Have your say on animal transport
The federal government has finally released its proposed amendments to the Health of Animals Act Regulations (HAR) – the laws that govern animal transport. We have reviewed the amendments and are deeply concerned about them. Animals are spoken of as non-sentient commodities rather than the living, sentient beings they are. Arguments for any changes (as minor as they are) are outlined only in regard to their economic impact on industry.
Animal advocacy organizations, including ours, have raised concerns about the rampant cruelty of animal transport in Canada for decades, repeatedly providing clear documentation of violations only to see a complete and utter dismissal by government. Many investigations have also clearly implicated Canadian Food Inspection Agency (CFIA) veterinarians and inspectors in the abuse, yet these violations too have been ignored.
The amendments suggested by the CFIA ignore decades of research and actual existing legislation. Europe updated its animal transport regulations back in 2004 – over twelve years ago. Their regulations outline clear, specific rules based on animal behaviour rather than financial considerations. And their regulations are actually enforced through effective, proportionate and dissuasive sanctions.
While the CFIA claims that the new regulations will bring Canada into alignment with EU standards, they won’t even come close. In Europe, regulations require that all animals who are transported longer than eight hours must be loaded onto trucks equipped with automatic water troughs and fans; that all trailers must be outfitted with tachographs which record the length of time a vehicle has been in motion; and that strict loading density requirements be met to ensure all animals are able to stand up and lie down in their natural positions. EU regulations also prohibit the transport of animals below and above specific temperatures and require temperature monitors on trucks. None of these requirements has been met in the CFIA’s proposed amendments.
Of additional concern is that the proposed amendments specifically allow compromised animals (including those who are blind in both eyes, bleeding from an operation, or heavily lactating) to be transported for up to 12 hours. Previously, sick or injured animals could not be transported if it was expected to cause undue or additional suffering.
Boar bashing and tooth-breaking have also not been addressed and no regulations have been outlined against either practice. In Europe, boars are segregated during transport to avoid the blatant cruelty that both bashing of boars (with crowbars and baseball bats) and breaking of their teeth (snapping off their innervated tusks with bolt cutters) entail.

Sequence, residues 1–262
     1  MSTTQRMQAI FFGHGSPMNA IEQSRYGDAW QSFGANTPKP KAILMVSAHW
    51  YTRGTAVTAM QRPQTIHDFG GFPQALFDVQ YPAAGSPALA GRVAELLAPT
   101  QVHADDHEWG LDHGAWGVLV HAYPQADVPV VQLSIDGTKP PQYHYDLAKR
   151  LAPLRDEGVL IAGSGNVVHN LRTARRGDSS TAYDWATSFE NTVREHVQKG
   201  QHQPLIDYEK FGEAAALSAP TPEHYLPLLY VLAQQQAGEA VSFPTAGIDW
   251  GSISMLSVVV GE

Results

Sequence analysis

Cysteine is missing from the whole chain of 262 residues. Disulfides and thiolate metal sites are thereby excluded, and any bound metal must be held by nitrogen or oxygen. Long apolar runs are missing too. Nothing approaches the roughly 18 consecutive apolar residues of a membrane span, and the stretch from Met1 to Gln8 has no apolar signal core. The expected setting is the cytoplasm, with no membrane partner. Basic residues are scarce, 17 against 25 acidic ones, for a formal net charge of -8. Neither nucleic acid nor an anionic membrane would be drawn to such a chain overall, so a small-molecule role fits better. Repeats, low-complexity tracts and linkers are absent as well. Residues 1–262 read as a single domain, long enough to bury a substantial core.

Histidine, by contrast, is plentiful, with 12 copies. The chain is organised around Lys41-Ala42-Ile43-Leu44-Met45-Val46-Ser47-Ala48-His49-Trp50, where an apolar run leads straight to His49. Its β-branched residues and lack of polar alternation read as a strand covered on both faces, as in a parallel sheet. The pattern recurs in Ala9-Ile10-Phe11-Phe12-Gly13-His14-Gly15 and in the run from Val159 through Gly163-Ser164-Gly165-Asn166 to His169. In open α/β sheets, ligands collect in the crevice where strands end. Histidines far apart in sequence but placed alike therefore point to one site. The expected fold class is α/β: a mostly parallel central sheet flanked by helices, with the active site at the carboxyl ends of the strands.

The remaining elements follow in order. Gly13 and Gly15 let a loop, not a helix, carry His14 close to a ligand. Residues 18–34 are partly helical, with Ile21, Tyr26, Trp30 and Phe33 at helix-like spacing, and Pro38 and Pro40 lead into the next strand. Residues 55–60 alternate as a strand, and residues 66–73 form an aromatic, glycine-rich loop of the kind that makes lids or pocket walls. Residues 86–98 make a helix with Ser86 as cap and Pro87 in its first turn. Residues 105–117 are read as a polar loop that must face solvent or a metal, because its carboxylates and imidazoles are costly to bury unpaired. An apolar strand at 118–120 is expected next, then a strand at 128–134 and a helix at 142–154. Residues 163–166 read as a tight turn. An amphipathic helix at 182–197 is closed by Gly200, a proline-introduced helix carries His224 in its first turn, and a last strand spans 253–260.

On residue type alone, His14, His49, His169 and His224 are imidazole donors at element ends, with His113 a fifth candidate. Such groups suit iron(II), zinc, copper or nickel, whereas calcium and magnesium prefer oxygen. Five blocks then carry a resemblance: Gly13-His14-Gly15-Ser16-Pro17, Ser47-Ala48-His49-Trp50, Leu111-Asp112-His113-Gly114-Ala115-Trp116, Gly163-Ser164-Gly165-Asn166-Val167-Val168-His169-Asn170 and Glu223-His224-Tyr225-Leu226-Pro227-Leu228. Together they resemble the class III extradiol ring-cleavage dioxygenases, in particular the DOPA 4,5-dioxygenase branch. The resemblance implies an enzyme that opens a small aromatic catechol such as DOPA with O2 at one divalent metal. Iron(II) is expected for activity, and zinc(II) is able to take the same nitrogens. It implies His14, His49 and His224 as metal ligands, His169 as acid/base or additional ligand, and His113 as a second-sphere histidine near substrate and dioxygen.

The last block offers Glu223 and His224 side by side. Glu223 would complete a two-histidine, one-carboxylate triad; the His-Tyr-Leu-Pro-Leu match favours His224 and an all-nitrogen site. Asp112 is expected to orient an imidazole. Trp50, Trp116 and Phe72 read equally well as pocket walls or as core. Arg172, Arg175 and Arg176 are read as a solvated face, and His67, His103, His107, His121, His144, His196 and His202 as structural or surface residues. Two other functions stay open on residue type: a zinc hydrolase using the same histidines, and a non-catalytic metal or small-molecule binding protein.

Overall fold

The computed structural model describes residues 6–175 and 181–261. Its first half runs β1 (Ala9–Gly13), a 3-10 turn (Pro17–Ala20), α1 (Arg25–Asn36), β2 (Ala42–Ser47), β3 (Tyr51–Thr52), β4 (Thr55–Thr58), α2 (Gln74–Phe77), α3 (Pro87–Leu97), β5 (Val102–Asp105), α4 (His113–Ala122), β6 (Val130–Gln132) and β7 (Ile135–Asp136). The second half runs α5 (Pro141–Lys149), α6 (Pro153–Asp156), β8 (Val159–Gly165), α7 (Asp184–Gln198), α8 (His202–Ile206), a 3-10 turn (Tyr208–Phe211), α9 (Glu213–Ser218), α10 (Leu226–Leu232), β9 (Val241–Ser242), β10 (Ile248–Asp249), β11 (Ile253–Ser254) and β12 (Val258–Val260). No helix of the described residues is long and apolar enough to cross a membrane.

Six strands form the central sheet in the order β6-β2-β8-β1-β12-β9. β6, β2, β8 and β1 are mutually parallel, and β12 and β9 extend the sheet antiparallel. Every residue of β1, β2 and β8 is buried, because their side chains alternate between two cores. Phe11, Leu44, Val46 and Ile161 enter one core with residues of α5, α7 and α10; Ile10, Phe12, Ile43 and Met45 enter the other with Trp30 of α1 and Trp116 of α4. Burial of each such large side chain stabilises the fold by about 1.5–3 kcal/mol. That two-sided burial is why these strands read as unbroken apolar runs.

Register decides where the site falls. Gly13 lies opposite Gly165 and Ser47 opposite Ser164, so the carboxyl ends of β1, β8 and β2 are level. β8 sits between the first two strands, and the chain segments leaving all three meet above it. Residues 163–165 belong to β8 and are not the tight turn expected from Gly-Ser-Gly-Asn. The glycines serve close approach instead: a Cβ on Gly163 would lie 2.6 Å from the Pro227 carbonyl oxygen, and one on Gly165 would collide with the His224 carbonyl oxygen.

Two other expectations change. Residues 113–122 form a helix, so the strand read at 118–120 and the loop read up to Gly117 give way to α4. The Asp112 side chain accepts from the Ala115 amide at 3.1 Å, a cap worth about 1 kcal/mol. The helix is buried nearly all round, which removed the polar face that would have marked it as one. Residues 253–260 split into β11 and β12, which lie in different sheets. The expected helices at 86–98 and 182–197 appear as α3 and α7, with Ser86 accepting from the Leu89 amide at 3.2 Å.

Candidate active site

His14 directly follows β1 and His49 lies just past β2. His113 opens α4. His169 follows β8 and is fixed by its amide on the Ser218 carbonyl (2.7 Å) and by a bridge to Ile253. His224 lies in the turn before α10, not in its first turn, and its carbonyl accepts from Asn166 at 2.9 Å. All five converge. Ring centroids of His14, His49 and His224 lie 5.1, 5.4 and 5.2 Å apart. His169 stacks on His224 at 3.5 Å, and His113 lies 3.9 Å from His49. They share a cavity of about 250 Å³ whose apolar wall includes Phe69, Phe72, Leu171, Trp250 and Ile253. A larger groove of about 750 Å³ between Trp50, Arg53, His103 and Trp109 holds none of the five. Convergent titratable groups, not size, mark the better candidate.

Trailers carrying animals also continue to not be given priority at border crossings, affecting 2.5 million pigs each week who are shipped to the United States to be slaughtered. This is particularly a problem in the summer months when temperatures inside a truck can quickly reach 40˚C to 50˚C. This, combined with high ammonia levels, can cause death by suffocation.
Electric prods also continue to be allowed. Other violent handling practices, such as the lifting of animals by their legs, head and horns, continue to be allowed while EU standards prohibit all of these.
And finally and perhaps most importantly, the amendments fail to cover actual enforcement of the regulations.
It is as though the CFIA hasn’t ever been in the field or seen any of the evidence we and other animal advocacy organizations have provided over the years of the rampant cruelty inherent in Canada’s animal transportation system.
CETFA will be providing its own submission on the proposed amendments, but we ask that you do the same. Feel free to use the concerns we have outlined here, but do it in your own words. Responses that are too similar will only be counted as one submission, so it’s important that your submission be unique. Please send your personalized submission to Dr. Cornelius F. Kiley at email@example.com by February 15, 2017.